[[transform_entries("transformer_function_name")]]

Can be applied to arrays and works the same as the [[transform]] attribute but overrides the transform function of all array entries instead of just the array pattern itself.

[[pointer_base("pointer_base_function_name")]]

Specifies a function that will be executed to preprocess the address of the pointer this attribute was applied to. The function requires a single argument representing the original pointer address that was read (e.g u32 if this attribute was applied to a pointer with size type u32) and return the offset the pointer should point to instead.
There’s a number of predefined pointer helper functions available in the standard library (std::ptr) to rebase pointers off of different places.

[[no_unique_address]]

A variable marked by this attribute will be placed in memory but not increment the current cursor position.

[[single_color]]

Forces all members of the struct, union or array to be highlighted using the same color instead of individual ones

Type Attributes

[[static]]

The Pattern Language by default optimizes arrays of built-in types so they don’t use up as much memory and are evaluated quicker.
This same optimization can be applied to custom data types when they are marked with this attribute to tell the runtime the size and layout of this type will always be the same.
However if the layout of the type this is applied to is not static or you're using functions or function statements (such as local variables) in them, highlighing and decoding of the data will be wrong! The behaviour is undefined and can change with any release. Do not depend on it!

[[bitfield_order(ordering, size)]]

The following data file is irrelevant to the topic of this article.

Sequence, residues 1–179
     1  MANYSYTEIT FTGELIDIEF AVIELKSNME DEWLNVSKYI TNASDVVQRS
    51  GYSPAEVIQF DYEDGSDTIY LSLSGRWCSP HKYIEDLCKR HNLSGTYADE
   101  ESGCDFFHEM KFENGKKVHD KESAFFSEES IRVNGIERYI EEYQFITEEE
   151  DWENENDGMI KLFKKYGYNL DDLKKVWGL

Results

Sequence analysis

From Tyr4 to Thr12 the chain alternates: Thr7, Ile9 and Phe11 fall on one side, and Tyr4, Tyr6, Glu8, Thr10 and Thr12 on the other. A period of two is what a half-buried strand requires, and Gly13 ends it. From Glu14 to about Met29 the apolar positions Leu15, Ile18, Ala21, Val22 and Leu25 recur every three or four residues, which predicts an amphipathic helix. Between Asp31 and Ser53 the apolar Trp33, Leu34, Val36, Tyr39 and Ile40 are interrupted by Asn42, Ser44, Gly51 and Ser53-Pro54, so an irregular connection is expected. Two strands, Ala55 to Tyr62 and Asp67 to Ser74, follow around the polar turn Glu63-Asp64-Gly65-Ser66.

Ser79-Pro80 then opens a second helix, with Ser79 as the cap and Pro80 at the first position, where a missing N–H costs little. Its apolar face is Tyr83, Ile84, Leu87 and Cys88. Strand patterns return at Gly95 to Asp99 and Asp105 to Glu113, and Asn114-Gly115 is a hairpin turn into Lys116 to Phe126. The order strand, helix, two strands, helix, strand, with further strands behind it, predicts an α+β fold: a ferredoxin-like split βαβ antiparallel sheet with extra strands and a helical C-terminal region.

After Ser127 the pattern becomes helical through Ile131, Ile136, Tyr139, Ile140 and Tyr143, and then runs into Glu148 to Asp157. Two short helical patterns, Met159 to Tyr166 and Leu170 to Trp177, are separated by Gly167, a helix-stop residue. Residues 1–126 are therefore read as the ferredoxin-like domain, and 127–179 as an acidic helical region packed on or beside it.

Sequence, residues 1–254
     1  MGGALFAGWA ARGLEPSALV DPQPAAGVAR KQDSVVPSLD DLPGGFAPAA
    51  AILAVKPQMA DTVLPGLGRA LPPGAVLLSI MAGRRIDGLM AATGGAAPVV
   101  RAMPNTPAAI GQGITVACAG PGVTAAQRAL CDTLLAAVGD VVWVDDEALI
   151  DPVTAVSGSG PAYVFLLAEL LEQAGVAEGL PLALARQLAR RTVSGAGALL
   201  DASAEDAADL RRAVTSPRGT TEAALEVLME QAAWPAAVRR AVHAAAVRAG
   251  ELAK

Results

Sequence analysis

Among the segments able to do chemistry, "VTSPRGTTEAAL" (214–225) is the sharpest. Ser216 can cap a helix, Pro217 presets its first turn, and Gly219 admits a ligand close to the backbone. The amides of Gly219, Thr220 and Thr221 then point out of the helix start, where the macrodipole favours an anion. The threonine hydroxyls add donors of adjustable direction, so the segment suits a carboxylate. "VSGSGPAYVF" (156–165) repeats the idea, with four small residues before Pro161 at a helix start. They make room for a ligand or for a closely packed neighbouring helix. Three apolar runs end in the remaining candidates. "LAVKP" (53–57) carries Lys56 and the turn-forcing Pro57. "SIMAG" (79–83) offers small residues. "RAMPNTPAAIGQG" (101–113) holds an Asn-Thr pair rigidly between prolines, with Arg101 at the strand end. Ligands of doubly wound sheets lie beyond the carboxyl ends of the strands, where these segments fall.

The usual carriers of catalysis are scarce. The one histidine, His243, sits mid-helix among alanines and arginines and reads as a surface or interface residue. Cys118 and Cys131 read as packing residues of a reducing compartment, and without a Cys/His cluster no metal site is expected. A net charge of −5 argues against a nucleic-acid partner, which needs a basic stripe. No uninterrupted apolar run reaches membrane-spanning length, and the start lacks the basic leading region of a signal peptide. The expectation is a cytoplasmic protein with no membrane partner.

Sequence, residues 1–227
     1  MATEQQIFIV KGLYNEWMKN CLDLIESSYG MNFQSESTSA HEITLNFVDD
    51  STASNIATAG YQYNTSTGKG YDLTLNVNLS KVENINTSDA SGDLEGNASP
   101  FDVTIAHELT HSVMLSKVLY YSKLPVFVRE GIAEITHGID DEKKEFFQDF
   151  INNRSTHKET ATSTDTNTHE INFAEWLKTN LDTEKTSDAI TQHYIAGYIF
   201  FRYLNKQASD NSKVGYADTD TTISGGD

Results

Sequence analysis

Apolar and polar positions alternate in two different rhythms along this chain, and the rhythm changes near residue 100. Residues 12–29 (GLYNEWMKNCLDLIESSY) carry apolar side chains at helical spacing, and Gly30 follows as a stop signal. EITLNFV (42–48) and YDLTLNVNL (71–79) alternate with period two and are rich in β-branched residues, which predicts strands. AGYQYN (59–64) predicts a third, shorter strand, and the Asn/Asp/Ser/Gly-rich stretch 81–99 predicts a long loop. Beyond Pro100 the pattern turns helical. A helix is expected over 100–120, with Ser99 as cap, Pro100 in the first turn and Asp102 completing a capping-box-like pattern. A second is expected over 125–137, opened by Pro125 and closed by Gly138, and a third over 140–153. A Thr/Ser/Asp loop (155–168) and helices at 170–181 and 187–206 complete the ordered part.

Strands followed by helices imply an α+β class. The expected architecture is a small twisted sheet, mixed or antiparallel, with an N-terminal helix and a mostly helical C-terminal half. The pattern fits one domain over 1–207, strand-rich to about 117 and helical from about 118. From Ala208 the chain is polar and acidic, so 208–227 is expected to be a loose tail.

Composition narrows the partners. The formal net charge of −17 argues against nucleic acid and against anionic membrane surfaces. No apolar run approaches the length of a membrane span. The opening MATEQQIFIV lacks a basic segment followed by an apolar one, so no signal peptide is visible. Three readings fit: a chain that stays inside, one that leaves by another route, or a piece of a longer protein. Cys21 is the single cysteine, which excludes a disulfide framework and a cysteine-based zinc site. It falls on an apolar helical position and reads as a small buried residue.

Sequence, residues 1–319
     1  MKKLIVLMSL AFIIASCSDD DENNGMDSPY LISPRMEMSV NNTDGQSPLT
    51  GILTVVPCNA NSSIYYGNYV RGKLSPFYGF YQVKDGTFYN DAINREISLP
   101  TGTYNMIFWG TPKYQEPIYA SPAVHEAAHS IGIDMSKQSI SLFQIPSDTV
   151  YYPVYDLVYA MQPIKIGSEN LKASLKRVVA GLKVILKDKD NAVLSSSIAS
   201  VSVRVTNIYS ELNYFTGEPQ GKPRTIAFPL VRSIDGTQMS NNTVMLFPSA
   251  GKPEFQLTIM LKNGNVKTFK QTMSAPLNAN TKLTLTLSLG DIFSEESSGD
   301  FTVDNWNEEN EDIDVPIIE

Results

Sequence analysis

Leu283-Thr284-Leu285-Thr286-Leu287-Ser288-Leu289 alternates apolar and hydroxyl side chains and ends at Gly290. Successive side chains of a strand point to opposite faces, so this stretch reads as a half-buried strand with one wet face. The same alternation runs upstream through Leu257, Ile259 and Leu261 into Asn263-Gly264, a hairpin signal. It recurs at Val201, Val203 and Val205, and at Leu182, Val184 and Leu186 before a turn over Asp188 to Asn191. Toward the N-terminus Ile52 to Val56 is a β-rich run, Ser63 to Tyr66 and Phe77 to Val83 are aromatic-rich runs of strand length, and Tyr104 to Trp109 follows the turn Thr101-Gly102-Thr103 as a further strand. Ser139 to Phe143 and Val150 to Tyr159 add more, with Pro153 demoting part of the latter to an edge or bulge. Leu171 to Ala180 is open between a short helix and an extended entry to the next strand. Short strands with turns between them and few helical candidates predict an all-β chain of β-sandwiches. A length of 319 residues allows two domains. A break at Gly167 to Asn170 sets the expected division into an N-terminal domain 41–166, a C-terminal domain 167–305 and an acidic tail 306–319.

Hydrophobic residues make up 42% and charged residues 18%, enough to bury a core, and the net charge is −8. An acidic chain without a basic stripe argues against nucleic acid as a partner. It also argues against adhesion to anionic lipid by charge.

This attribute changes the ordering and alignment of the fields within the bitfield it is applied to.
ordering can either be std::core::BitfieldOrder::LeastToMostSignificant or std::core::BitfieldOrder::MostToLeastSignificant. Ordering the fields from least to most significant bit is the default.
Using most to least significant also requires you to specify the full size of the bitfield so the runtime knows where to start placing the fields.

[[sealed]]

This attribute can be applied to structs, unions and bitfields. It causes tools that display Patterns in some way to not display the implementation details (such as children of this type) anymore but instead treat it like a built-in type. This is mainly useful for making custom types that should decode and display the bytes in a custom format using the [[format]] attribute.

[[highlight_hidden]]

Works the same as the [[hidden]] attribute but only hides the highlighting of the variable and not the variable in the pattern data view.

[[export]]

This attribute allows exporting of pattern local variables. By default pattern local variables will not end up in the output and are only used to store temporary values within patterns. Adding this attribute to one will make it end up in the output the same as a regular variable.
Very useful if a value needs to be pre-processed before being output.
Last modified 7mo ago